Bowie State

Bowie State Students Touring National Parks in Southwest

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Some Bowie State University students are on the adventure of a lifetime. A geography professor is leading them on a tour of national parks in the southwest region of the country.

In the past few days, they've seen everything from sand to snow and they're hoping to spread that message to a community that was once restricted from fully enjoying the national parks.

Nine Bowie State students are hiking, camping and learning about national parks. Their professor wants to expose them to the outdoors and change the narrative that Black people don't camp.

They are on a 10-day, 1,800-mile journey through the country's southwestern national parks.

“I'm usually, like, someone who is at home just chilling, playing video games, but coming out here, being in the outdoors, exploring, it's, like, given me a new hobby of mine,” sophomore history major Kalil Greenfield Jr. said.

According to surveys of U.S. national parks, less than 2 percent of visitors are African Americans, the lowest percentage of any minority group. That's why Bowie State geography professor Sumanth Reddy sponsored the trip.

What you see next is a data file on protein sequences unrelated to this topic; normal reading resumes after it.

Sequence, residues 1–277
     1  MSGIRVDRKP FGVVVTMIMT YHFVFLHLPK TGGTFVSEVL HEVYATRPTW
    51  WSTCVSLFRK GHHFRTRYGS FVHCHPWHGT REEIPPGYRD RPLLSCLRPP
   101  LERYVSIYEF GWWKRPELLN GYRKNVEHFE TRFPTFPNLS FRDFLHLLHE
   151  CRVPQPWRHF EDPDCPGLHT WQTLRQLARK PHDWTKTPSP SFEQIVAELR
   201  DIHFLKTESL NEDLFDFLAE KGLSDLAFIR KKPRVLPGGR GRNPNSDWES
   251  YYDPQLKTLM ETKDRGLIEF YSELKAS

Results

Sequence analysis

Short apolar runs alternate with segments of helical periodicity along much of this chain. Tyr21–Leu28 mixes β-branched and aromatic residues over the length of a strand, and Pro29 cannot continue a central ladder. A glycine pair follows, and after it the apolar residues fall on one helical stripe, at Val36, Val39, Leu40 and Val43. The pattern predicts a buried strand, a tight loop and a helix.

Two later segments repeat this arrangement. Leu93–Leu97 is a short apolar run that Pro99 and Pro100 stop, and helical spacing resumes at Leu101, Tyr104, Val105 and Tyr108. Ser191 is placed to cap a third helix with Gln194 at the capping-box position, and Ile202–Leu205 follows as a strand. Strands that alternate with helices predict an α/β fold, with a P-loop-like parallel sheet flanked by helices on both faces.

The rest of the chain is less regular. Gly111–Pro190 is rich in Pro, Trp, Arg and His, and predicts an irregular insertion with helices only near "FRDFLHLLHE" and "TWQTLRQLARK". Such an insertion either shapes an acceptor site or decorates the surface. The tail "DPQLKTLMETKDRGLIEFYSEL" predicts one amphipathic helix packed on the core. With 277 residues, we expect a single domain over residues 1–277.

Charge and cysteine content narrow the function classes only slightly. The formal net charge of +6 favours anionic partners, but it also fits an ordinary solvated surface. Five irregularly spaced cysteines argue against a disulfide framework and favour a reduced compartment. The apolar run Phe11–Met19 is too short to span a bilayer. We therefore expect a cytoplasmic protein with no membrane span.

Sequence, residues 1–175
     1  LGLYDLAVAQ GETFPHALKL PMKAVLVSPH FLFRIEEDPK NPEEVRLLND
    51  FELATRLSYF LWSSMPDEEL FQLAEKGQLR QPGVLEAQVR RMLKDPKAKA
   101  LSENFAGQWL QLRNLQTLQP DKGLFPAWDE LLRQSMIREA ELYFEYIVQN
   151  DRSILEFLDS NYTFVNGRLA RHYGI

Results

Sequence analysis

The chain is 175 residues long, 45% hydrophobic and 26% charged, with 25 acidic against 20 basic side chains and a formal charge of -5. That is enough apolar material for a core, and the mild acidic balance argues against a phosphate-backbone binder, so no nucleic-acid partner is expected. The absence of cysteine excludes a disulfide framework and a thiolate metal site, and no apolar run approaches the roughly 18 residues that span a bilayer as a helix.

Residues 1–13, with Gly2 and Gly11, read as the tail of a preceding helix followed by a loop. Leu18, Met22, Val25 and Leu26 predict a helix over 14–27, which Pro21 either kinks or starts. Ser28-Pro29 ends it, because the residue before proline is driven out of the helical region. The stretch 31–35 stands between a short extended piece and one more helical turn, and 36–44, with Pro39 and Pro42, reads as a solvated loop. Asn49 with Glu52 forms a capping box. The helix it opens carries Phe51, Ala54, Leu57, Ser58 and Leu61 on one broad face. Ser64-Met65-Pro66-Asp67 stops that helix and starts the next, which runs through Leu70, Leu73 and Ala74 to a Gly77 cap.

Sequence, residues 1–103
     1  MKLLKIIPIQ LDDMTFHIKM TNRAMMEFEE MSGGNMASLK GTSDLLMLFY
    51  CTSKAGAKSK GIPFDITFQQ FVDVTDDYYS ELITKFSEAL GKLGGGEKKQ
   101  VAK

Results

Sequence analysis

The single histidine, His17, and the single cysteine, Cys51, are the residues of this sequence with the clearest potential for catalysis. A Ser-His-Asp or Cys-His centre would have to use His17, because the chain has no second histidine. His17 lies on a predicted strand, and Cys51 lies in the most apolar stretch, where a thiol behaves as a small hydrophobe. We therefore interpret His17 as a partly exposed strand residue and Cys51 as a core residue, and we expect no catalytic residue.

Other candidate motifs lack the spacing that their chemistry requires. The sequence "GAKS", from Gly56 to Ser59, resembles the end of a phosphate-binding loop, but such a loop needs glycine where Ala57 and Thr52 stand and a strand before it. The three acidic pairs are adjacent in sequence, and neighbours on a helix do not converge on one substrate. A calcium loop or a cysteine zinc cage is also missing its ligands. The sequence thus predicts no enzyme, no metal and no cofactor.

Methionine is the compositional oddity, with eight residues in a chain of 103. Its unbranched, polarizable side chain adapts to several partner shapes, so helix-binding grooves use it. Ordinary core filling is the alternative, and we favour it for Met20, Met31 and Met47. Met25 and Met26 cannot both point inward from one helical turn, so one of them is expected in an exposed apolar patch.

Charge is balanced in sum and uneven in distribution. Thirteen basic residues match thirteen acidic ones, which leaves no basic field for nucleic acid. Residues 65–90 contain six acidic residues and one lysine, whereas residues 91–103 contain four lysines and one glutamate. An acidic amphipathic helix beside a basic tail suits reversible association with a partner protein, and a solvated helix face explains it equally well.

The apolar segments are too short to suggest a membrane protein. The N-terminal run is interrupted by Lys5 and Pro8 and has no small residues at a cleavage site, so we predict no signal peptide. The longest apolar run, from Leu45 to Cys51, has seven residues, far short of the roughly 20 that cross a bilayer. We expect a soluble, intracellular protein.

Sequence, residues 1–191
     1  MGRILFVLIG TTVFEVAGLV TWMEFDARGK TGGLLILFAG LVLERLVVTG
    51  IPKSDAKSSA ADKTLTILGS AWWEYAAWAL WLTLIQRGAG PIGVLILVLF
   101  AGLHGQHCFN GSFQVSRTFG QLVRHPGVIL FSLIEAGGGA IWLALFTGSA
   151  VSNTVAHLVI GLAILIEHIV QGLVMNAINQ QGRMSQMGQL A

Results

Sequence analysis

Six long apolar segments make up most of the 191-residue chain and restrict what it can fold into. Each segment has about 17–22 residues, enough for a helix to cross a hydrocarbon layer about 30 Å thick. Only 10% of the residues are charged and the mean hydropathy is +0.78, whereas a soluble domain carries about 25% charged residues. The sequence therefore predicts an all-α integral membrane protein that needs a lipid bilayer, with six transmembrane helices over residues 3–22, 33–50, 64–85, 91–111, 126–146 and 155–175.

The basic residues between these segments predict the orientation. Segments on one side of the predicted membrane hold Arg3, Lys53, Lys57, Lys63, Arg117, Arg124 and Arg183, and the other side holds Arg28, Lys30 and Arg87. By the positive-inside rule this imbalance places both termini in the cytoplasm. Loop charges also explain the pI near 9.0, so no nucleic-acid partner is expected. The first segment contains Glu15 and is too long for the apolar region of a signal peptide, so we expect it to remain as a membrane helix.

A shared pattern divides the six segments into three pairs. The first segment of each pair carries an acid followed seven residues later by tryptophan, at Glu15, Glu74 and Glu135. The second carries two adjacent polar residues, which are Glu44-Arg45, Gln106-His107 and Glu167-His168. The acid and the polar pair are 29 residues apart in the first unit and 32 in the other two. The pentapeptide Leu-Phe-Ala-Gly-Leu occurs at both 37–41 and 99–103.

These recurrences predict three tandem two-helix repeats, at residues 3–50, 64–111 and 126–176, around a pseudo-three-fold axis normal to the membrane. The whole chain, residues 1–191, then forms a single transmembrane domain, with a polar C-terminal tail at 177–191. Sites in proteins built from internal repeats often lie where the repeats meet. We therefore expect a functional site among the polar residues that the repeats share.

“About 105 years ago, the National Park System was created and very few minorities, especially African Americans, get the opportunity to go there because they were always restricted from going to these places,” Reddy said.

“Honestly, one thing I know, especially our generation, African Americans my age group, we don't camp,” senior government major Alma Bangura said.

But that's changed for her.

“Sleeping outside with the wind and the sand, it's been really fun,” she said.

People who study it say an appreciation of the great outdoors is passed down.

“What you want is representation, looking at each other and saying, ‘Hey, we can do all of these things,’” Reddy said.

The students are blogging, posting on social media and will write about the trip. Their professor hopes the students, budding Black leaders, can change minds about exploring those spaces.

Reddy says the trip was funded through a grant he got from the American Association of Geographers.

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